Susie Rogers, Somerset. UK

I am gladdened to see Le Corbusier being taken down a peg in recent years. The article concludes of Le Corbusier’s creed that “we cannot live up to it”. I would argue we cannot live *in* it. Le Corbusier epitomizes the break between architecture as art and theory, versus architecture as a profession of creating usable (and beautiful) buildings. Like many an architect’s or landscape architect’s sketches, Le Corbusier’s ideas appeal on paper, they appeal in the abstract. A “City of Towers” sounds wonderful as a concept, because we picture the best of modern urbanity wedded with green open space. In practice, however, cities built in this fashion are horrid – impersonal, impossible to get around, and unattractive. One need only look at the picture of Cumbernauld town centre to wonder how anyone could think it was a good thing. Blocks of unimaginative and identical flats stretching on, an equally unimaginative urban centre built away from the people, though within walking distance – yet the only way to get there is by automobile, across a high-speed motorway!
Jeff Wutzke, Phoenix, Arizona, USA

It may be wishful thinking on the part of architects to suppose that their artistic insights drove the modular concrete revolution. In fact the resulting buildings may just have been cheap to construct and easy to design with pencil-and-ruler. Fortunately at least the second problem has been solved with better software – though no doubt that will be assigned to architects insights too!
Will Stewart, Blakesley UK

I am no architecture expert, but this is all pretty subjective stuff, and changes in fashion have a lot to do with it. A lot of Victorian architecture was demolished in the 1960s, presumably because it was argued to be ‘dated’, in the same way as 60s architecture is argued to be ‘dated’ today (strangely, Victorian architecture appears to no longer be considered in this way). Of course there are many housing estates of the 50s/60s/70s that do appear grim today (being run-down and neglected doesn’t help) but there are also some great buildings from this period – personally I love the Barbican! Yes, it’s “of its time” – but so are the Houses of Parliament, and I don’t hear anyone arguing for their demolition quite yet.
Emma Thomas, Reading, UK

If it weren’t for those architectural ‘carbuncles’ then every city street would be packed with ‘gems’ that would be protected consequently never torn down to make way for something new. God bless carbuncles for allowing our cities to regenerate and renew. God forbid everywhere was Paris – things happen there, but nothing changes. Its a museum, not a place to live.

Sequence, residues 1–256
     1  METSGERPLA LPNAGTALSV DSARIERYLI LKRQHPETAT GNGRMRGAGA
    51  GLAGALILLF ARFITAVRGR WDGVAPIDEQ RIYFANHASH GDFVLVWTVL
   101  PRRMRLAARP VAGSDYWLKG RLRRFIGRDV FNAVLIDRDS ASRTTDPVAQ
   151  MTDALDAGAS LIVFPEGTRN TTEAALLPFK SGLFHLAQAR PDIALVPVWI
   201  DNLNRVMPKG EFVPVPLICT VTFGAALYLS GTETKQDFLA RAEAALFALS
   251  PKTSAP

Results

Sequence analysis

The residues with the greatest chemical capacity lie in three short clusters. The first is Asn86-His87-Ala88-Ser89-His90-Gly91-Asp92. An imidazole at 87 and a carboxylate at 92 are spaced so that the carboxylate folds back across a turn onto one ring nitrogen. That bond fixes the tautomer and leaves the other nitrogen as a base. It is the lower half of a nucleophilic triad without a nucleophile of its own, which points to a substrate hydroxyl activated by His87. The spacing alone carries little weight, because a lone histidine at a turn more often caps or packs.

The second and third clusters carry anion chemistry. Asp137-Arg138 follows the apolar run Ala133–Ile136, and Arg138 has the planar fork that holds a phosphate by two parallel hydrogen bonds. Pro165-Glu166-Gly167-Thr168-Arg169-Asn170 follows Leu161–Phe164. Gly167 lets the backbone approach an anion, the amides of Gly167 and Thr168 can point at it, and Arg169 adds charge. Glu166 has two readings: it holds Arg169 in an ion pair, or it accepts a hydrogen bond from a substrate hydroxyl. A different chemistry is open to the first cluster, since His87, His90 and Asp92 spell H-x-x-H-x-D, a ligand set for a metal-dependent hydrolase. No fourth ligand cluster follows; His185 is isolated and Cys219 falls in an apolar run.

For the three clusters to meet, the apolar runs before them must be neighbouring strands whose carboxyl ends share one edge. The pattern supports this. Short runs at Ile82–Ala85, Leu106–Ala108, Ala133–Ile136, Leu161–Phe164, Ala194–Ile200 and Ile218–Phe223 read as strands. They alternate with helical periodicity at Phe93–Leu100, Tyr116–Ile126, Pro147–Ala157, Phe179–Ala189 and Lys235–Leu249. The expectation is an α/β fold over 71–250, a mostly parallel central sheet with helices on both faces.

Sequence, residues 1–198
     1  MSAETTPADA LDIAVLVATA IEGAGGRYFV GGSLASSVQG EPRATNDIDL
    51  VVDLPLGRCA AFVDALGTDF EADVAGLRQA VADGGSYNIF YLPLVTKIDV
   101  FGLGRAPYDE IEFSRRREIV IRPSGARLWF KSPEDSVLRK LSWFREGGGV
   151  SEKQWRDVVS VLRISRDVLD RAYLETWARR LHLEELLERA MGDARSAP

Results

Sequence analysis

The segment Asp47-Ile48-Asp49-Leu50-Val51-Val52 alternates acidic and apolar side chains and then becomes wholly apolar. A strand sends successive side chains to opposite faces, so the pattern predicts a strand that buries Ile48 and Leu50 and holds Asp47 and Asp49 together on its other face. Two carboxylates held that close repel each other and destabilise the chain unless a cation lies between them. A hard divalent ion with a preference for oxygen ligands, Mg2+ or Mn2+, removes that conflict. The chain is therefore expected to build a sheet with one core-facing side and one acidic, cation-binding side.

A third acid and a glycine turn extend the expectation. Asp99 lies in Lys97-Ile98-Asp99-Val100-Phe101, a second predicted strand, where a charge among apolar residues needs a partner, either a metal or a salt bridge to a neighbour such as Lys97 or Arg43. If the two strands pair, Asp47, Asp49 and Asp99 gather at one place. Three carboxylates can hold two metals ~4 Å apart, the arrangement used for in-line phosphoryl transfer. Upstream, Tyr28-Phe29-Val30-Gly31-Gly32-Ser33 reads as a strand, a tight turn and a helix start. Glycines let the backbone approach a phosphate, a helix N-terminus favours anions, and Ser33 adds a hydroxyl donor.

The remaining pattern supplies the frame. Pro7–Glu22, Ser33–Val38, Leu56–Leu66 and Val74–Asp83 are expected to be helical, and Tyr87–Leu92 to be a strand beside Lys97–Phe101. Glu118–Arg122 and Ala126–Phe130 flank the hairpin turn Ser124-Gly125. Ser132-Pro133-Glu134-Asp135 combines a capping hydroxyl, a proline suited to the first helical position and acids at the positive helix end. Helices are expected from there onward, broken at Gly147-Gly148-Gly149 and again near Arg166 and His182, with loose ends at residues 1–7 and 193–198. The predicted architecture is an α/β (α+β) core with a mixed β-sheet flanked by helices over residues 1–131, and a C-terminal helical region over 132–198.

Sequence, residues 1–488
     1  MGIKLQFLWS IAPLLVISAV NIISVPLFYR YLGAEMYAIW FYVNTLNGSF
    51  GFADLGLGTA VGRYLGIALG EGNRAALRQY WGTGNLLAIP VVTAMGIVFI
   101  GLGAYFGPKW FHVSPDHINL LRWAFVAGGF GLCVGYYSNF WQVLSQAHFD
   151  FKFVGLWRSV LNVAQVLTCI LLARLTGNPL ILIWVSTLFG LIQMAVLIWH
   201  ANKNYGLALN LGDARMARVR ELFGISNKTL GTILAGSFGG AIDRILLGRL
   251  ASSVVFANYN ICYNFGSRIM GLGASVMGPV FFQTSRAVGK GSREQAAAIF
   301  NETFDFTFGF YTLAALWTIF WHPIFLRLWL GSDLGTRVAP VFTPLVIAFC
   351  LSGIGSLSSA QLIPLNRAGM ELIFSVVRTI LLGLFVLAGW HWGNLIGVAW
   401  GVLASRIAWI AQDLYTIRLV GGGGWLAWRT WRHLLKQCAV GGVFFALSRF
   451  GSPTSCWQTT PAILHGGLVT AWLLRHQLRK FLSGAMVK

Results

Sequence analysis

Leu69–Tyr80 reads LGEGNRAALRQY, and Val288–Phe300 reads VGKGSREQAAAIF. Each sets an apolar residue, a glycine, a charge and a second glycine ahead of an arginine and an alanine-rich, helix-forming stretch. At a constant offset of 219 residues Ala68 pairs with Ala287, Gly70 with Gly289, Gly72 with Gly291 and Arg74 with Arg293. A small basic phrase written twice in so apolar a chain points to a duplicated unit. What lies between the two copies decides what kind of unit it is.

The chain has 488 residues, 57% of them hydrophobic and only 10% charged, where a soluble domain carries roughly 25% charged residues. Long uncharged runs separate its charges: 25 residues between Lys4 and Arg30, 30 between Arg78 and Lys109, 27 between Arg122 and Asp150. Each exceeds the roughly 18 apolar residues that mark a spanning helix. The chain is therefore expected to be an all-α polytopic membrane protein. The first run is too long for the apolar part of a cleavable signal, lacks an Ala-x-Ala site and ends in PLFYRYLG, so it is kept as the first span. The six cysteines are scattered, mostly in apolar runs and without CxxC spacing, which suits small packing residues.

Peter Main, London

‘People hated it.’ Architecture of any kind depends on context and detail. A building can be hugely impressive on paper (or on one of those rotating computerised simulations) but if it’s plonked in the wrong place it will immediately make enemies and thereafter contribute to the ruin of the local built environment. A building is not an isolated entity. It should not be slavish to its surroundings – that invariably looks stupid – but it should be designed to contribute to its eventual home rather than to steamroller it. One of our many problems with city planning comes from architects’ and their clients’ desire to make buildings ‘imposing’. This in and of itself is no bad thing, but if the ‘imposing’ quality of a building extends right down to street level, then the local street environment becomes intimidating and dehumanising. The City of London has suffered this (partly deliberate) phenomenon for centuries. Street-level architecture has different rules from the rest of the building: it has to make us feel comfortable and safe. There’s plenty of room for exciting, visually-stimulating surroundings, but comfort and safety are the bare essentials. Detail in architecture matters. Someone has to live or work inside a building. We all understand that. It is a separate issue from the aesthetics of the exterior, and it is a potential opportunity for an architect to befriend the users of his building. But if insufficient attention is given to the function and form of the interior, perhaps as a forgotten poor relation to the epoch-making exterior, the users will immediately become sworn enemies of architecture. Similarly, if construction methods are untried, and fail, quality of life goes down the plughole. More enemies of architecture.
Simon Harvey, Colchester, UK

I think the article was a bit harsh. You can’t blame Le Corbusier for bad copy-cats or Plymouth civic centre as much as you can’t blame Van Gogh for the countless poster reproductions on bedsit walls, but you can admire both men for the works of art they created.
Chris, Oxford, UK

From what little I know, what much I have seen and hated I have come to the conclusion that while Le Corbusier was brilliant and highly intellectual he actually HATED people. Why else would you do this to us ?
Peter Galbavy, London, UK